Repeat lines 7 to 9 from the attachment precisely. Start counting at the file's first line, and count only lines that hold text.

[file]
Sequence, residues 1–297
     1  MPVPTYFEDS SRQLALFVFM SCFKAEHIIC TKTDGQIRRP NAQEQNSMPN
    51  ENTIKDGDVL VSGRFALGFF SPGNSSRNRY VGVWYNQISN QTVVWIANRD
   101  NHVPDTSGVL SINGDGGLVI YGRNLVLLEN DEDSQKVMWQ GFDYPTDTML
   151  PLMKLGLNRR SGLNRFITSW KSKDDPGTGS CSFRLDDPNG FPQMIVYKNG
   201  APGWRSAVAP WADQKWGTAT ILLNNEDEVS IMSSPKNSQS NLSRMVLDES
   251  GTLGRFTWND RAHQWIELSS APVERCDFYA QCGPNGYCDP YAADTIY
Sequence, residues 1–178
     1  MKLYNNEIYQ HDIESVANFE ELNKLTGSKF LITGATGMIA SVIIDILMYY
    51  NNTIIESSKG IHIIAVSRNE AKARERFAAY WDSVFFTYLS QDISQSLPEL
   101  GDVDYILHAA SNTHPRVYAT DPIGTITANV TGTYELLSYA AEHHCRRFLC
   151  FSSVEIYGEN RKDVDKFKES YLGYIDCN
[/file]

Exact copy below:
   251  GTLGRFTWND RAHQWIELSS APVERCDFYA QCGPNGYCDP YAADTIY
Sequence, residues 1–178
     1  MKLYNNEIYQ HDIESVANFE ELNKLTGSKF LITGATGMIA SVIIDILMYY